Looking Back at Crises and Changing Ideas in 2023 and Looking Ahead to 2024

Isabella Weber in conversation / Looking back at crises and changing ideas in 2023 / And looking ahead to 2024




24. DECEMBER 2023

There are crises that accelerate change and the spread of new ideas. And there are crises that tend to trigger the reflex to rely on the tried and tested. This is also the case when it comes to the economy. What has happened in the past two years – and especially since the outbreak of war in Ukraine – initially seemed to follow the second logic. Inflation has given new impetus to advocates of old austerity, as has the recent budget crisis in Germany. Nevertheless, 2023 also seems to be a year in which crises have also helped to break down old thinking. And this is unlikely to apply to any dispute as much as the one triggered by Isabella Weber’s call for price controls in times of multiple crises – to curb inflation.

Initially, there was mainly protest against the attempt to cast doubt on the basic and complete trust in markets. In the meantime, the ideas developed by Weber have been taken quite seriously internationally. In a video interview with us at the end of the year, Isabella Weber once again explained the deeper analysis behind this – well worth watching. And always explosive:

“We see historically, from the French Revolution to the Arab Spring, what happens when the prices of essential goods such as basic foodstuffs rise in such a way that people feel they can no longer afford the bare necessities. This then quickly develops into fuel for political upheaval. Then, part of the social contract breaks.”

You will soon be able to read more on this topic in a study by Isabella Weber and Tom Krebs on when and how to use price controls.

Xavier Ragot, Jérôme Creel and colleagues from the Paris-based OFCE have described the extent to which the 2022 inflation surge has promoted new ideas in a paper that they presented at our May workshop and which will be published by us shortly: it used to be the case that inflation could only be combated by central banks; since 2022, it has become clear that governments can also play their part – whether through price brakes or concerted action. This is another paradigm shift that the crisis has accelerated.

What applies to the price issue also applies to the rethinking of the German export model following the intensification of geopolitical tensions. Since it has become clear how geopolitically naive the Germans have long counted on peaceful globalization, there has been a great deal of research into how the country can reduce such dependencies – de-risking is the new formula. Shahin Vallée and colleagues presented what this could look like at our May workshop – the finished study will follow shortly.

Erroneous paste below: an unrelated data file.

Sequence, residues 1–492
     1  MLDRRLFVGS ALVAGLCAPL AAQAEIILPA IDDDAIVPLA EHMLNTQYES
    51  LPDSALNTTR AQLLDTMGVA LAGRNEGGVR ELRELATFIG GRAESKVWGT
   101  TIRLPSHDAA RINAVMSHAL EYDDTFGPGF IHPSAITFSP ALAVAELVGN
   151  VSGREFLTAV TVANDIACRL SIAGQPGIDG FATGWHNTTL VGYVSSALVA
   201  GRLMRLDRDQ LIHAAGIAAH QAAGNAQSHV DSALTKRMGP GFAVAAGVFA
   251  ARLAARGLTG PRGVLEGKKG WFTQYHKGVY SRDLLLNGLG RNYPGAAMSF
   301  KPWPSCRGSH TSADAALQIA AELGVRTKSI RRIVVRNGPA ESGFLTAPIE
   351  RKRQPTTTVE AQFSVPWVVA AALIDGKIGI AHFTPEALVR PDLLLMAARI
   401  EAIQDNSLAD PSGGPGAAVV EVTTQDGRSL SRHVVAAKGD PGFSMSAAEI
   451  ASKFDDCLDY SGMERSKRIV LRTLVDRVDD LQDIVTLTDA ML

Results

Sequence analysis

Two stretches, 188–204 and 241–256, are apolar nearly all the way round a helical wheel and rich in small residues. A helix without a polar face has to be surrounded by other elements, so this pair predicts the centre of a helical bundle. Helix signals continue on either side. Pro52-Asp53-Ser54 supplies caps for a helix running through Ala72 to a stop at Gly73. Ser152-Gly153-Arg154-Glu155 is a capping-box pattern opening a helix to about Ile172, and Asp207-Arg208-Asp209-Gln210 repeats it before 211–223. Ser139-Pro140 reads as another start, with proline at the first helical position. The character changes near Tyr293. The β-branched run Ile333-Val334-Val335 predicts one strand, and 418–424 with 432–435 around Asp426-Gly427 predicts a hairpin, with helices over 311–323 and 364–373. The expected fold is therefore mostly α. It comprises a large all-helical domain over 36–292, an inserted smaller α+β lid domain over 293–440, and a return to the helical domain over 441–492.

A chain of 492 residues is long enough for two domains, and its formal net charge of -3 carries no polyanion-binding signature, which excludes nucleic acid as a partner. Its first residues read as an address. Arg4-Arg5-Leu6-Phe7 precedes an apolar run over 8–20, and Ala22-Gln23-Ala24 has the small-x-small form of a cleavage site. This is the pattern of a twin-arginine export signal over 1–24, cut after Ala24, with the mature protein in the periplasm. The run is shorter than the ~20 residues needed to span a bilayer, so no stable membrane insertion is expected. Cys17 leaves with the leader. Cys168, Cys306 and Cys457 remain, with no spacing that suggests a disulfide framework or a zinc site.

Finally, the end-of-year dispute over Germany’s public finances and the debt brake following the ruling of the Federal Constitutional Court could also serve as an example of pathological learning. While there were initially calls for strict cuts and savings, the uproar has now led to discussions in Germany about how the debt brake could be reformed – so that it does not hinder important investments, for example, to save the climate, due to the debt panic. A paradigm shift – and progress for Germany, where the old orthodoxy has lasted much longer than anywhere else. The big question for the new year is what a new debt brake could look like.


One of the highlights of the Forum New Economy, however, was an innovation that is not directly related to the major global crises – but contributes to a better understanding of another dangerous imbalance: the wealth simulator, which we presented at the beginning of November. The model allows anyone to calculate what a wealth tax or a start up capital for younger people would actually change in the distribution of wealth in the country. The main message: if you really want to make a difference, you should focus more on giving the many a starting capital than on the sole effect of wealth taxes – even if the latter still seems to make sense.

For an overview of the project click here. And to see the new branch website ReBalance – here.


In the new year, the search for better answers and a new paradigm will continue. And it could be a pretty decisive one, at the end of which the answer to the question will be whether Joe Biden, with what he is trying to establish as Bidenomics, has found a way to better tackle the problems of the time and at the same time dissuade people from voting for crude populists out of desperation. We will be coming back to this again and again in 2024. More on this shortly.

Until then, make a note: At the end of January, Bundesbank President Joachim Nagel and IfW head Moritz Schularick will be joining us to discuss when and how central banks should intervene in financial crises. January 30 from 4.30pm in Berlin-Mitte. Pre-register here.

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After decades of overly naive market belief, we urgently need new answers to the great challenges of our time. More so, we need a whole new paradigm to guide us. We collect everything about the people and the community who are dealing with the question of a new paradigm and who analyze the historical and present impact of paradigms and narratives – whether in new contributions, performances, books and events.